Get your poinsettias off to a good start so they last through the holiday season. First, choose a plant whose flowers haven't yet shed their pollen. Examine the small yellow structures at the center of the bracts -- the true flowers. If they've shed their pollen, you'll see telltale yellow "dust" on the leaves. Protect your plant from drafts on the way home and don't leave the plant in the car on a cold day. Make your poinsettia your last purchase of the day, and rush this tender tropical right home.
Plant Spring-Blooming Bulbs
There's still plenty of time to plant spring-blooming bulbs. And when it comes to bulbs, more is definitely better. You don't need anything fancy; in early spring, even the "plainest" daffodils and crocuses are spectacular. Plant a range of early, mid, and late-flowering bulbs for the longest display. Planting snowdrops, crocuses, daffodils, tulips, Dutch iris, and alliums will provide color from February through June.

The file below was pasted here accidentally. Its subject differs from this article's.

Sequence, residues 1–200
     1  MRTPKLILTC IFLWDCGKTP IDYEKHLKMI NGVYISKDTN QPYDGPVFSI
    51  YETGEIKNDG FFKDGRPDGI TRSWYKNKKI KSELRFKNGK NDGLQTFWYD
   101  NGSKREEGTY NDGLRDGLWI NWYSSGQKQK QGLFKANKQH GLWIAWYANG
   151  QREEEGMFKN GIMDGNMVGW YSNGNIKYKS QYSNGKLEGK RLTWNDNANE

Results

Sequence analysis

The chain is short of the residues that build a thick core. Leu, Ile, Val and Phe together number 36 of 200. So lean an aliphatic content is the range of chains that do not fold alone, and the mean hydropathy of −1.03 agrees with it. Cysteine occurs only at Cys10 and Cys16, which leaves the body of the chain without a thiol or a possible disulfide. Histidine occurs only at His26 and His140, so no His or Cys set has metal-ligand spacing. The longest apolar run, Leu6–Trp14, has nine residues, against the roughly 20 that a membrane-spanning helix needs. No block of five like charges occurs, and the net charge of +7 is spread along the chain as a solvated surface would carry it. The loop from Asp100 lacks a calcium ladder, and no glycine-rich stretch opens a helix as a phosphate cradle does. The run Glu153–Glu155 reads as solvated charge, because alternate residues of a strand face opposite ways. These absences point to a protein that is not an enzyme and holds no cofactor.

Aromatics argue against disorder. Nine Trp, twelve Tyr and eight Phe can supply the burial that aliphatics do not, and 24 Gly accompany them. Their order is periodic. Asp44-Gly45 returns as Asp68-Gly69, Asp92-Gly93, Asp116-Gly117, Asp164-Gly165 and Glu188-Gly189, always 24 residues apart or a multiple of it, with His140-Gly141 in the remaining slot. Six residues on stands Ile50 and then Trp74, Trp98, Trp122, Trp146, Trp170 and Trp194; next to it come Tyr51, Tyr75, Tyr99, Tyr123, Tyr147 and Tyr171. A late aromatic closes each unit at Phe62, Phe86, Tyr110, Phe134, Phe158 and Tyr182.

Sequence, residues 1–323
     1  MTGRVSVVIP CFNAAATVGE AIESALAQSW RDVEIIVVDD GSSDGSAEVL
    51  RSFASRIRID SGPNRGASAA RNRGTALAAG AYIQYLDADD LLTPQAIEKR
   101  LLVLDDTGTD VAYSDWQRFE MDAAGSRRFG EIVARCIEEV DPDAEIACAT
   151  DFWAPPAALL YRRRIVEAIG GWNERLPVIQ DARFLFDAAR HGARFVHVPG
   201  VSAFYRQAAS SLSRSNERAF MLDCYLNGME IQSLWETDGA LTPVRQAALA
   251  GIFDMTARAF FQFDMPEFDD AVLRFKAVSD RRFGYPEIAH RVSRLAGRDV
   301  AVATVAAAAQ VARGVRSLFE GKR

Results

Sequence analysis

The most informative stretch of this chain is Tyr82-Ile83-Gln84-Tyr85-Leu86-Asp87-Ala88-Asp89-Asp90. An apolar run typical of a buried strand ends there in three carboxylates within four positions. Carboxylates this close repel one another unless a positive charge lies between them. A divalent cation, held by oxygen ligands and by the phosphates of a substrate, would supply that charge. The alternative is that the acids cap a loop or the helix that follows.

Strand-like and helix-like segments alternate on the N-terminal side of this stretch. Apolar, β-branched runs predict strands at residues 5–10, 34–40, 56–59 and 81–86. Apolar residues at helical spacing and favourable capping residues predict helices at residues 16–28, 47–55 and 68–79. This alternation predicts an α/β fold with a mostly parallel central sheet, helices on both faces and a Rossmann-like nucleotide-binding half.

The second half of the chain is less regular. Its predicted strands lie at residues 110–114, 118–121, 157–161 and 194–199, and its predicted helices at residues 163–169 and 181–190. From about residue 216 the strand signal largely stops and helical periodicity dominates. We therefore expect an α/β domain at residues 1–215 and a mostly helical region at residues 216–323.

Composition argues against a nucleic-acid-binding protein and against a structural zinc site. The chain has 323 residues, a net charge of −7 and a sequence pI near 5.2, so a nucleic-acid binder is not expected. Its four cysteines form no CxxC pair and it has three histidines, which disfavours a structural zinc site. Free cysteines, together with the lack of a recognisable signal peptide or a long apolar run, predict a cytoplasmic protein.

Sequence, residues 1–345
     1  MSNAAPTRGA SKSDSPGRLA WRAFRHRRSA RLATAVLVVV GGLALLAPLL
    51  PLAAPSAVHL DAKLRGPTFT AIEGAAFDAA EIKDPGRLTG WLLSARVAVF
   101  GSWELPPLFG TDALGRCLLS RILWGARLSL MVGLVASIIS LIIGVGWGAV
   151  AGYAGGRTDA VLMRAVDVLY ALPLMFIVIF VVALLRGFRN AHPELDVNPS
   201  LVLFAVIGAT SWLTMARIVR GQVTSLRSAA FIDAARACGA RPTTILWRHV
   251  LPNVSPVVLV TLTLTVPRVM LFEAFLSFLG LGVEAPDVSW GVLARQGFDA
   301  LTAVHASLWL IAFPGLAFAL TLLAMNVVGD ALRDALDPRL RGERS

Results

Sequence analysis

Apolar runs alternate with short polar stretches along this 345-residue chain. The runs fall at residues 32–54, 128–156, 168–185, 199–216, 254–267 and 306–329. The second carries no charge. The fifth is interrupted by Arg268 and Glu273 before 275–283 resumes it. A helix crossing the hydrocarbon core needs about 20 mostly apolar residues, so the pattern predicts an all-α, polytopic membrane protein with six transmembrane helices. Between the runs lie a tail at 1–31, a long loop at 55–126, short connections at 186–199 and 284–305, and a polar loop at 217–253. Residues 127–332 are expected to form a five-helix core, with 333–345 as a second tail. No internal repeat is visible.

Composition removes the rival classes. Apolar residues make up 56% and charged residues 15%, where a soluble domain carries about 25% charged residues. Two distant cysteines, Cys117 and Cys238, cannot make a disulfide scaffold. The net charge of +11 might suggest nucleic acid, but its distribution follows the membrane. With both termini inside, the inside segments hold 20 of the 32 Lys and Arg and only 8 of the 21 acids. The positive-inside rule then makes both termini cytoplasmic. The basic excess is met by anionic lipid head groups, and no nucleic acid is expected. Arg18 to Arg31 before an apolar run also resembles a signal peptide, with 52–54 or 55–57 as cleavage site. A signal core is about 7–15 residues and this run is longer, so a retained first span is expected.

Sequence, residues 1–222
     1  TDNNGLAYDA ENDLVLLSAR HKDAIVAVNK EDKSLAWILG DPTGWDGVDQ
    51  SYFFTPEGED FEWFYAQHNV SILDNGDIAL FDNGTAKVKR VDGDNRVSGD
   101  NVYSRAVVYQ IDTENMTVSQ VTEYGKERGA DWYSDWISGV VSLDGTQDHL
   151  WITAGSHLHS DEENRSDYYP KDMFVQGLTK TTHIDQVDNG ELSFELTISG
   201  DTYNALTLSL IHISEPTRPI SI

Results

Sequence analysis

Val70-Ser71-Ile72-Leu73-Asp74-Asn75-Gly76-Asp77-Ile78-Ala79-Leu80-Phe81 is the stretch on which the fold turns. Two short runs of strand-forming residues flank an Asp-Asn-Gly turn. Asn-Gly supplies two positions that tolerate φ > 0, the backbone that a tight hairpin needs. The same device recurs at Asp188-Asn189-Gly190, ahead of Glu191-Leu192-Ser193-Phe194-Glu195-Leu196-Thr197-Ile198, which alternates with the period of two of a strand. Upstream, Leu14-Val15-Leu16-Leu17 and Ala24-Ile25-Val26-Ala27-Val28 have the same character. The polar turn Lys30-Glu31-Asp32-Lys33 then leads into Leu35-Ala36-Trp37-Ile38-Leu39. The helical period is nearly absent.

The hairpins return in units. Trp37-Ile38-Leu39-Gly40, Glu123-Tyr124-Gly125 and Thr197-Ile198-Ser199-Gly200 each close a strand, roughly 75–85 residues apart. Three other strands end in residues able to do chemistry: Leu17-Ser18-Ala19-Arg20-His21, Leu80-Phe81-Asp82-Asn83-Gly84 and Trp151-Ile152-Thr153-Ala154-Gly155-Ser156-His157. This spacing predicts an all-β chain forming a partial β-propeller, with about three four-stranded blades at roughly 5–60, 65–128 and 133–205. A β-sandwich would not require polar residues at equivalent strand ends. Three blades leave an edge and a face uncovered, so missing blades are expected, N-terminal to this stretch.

Check Labels Before Storing Pesticides
Some pesticide products can be kept over the winter in an outdoor storage shed, but others need to be protected from freezing to remain effective. Check labels for storage instructions. No matter where you store them, be sure pesticides are safely stowed out of reach of children and pets. Even organic pesticides can be highly toxic if ingested or handled improperly.
Force Paper Whites
Choose a container with no drainage holes, fill it with gravel, and set the bulbs so the top third pokes above the gravel. Add water until it's just below the base of the bulbs; the bulbs will send down roots into the water. Or plant the bulbs in a shallow container filled with potting soil. Place the container in a cool (50 to 60 degrees F), bright room. Plants should bloom four to six weeks from the planting date.
Wait to Mulch
Although it may seem counterintuitive, it's best to wait until the soil cools and plants are fully dormant before applying a protective winter mulch. If you apply it too soon, the mulch will hold in the heat and the plant may continue growing instead of progressing into dormancy. Once plants are dormant, a layer of insulating mulch will prevent freeze/thaw cycles that can heave them out of the ground.